As an adviser in an inner city debt support unit, I see many clients whose circumstances have led to them getting into difficulties with their bank. I know that industry codes, such as the Banking Code and the Mortgage Code, require banks and lenders to deal "sympathetically and positively" with customers in financial difficulty. But many of the clients I see don't feel they have been dealt with at all sympathetically or positively. and when they come to me they are not only anxious about mounting debts but also very frustrated with the apparent lack of understanding on the part of their bank or lender. If they feel unhappy about the way they were treated, can they come to you- If they can, how do you look at these sorts of complaints-
Yes, if customers have already made a complaint to the financial firm about the way they feel they were treated, but remain dissatisfied, then they can come to us.
We look at the individual circumstances of the case, including what the firm is alleged to have done wrong and the effect this has had on the customer, (such as whether there has been any financial loss or whether the customer suffered distress and/or inconvenience). We apply what we call a "fair and reasonable" basis for our decisions. In deciding what is "fair and reasonable" we will take into account:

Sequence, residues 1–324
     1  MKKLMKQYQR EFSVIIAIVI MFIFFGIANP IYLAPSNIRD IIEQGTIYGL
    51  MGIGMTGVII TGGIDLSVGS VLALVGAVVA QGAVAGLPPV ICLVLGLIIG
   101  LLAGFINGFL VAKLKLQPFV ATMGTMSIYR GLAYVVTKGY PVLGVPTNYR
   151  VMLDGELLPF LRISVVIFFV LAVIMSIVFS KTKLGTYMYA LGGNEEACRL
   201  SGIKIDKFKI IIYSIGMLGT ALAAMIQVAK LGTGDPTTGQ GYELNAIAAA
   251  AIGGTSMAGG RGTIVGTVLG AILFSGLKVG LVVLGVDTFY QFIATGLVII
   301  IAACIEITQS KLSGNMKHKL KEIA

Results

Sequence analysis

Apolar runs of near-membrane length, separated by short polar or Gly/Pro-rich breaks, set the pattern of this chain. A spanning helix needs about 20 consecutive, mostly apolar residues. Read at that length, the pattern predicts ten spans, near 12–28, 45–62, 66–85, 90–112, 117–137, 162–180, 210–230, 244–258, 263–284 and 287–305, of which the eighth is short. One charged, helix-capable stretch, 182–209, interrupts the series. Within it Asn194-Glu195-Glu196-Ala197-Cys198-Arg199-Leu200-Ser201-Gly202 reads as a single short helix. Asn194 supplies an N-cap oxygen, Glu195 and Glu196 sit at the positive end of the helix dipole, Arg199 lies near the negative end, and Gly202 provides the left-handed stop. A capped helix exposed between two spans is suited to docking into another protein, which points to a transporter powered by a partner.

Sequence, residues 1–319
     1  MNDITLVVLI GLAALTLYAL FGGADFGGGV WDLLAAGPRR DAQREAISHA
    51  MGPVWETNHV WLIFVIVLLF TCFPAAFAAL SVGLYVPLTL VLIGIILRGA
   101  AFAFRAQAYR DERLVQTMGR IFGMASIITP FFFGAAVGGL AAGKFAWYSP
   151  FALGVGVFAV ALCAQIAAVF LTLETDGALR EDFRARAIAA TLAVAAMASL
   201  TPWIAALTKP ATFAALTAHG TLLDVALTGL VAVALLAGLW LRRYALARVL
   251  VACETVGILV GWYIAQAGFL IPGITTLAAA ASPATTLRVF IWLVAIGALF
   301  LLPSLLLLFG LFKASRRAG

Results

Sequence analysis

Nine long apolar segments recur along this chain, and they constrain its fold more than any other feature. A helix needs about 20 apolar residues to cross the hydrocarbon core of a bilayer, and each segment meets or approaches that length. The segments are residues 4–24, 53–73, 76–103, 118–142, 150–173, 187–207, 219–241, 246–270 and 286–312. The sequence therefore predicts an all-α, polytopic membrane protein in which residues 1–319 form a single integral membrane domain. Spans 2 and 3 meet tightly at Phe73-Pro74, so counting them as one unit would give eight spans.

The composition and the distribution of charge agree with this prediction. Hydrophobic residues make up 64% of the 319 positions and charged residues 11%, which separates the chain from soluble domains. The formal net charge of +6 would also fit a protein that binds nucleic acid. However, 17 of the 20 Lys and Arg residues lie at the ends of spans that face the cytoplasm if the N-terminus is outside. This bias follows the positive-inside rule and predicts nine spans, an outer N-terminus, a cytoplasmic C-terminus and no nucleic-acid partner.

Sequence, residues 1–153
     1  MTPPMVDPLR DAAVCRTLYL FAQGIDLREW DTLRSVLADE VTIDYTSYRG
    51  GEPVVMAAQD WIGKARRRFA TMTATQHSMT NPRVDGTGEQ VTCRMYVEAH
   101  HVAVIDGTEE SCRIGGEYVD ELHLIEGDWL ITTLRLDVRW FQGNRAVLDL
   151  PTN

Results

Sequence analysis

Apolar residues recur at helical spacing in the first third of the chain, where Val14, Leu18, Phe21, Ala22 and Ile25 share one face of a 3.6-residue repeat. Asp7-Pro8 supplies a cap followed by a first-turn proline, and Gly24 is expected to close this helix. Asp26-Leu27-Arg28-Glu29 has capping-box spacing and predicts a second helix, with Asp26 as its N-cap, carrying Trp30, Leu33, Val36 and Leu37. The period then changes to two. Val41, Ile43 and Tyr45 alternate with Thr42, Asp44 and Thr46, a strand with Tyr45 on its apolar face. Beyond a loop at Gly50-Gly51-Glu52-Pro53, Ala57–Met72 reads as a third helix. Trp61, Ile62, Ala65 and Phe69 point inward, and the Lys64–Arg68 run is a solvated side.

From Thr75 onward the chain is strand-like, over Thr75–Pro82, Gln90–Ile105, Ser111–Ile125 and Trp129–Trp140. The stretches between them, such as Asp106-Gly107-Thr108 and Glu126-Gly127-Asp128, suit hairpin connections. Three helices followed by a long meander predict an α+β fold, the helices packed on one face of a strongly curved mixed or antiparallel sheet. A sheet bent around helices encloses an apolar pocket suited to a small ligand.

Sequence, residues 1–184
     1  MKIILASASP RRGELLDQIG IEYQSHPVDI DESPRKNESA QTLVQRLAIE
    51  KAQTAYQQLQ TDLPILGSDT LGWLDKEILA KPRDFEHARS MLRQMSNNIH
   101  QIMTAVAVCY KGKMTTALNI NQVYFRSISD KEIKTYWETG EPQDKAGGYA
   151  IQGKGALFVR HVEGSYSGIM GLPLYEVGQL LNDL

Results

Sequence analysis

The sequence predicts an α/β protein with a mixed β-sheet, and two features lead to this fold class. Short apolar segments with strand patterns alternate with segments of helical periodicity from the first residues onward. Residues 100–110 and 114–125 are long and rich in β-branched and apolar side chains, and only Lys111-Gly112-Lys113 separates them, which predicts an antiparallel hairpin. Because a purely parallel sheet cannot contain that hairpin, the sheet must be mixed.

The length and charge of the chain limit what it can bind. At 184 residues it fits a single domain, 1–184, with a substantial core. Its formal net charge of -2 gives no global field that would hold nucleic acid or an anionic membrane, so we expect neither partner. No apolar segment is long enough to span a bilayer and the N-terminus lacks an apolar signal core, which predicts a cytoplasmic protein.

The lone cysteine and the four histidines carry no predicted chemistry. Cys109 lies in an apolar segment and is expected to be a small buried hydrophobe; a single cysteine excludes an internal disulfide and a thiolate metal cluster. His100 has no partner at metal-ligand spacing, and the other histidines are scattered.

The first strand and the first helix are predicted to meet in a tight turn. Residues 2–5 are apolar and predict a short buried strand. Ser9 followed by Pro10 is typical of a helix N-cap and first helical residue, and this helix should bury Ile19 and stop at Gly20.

Where codes of practice are relevant to the complaint, we will come to a view on whether the firm acted in line with the letter and spirit of these codes. So in the types of case you mention, we would expect the firm to act "sympathetically and positively". This does not mean that we expect the firm to write off the debt. Broadly it should:
We would, of course, also expect a customer to be open and cooperative with the firm.
These and other points are covered by the Guidance on the Banking Code March 2003.
The Office of Fair Trading has recently published further guidance on debt recovery procedures.
ombudsman news gives general information on the position at the date of publication. It is not a definitive statement of the law, our approach or our procedure.
The illustrative case studies are based broadly on real-life cases, but are not precedents. Individual cases are decided on their own facts.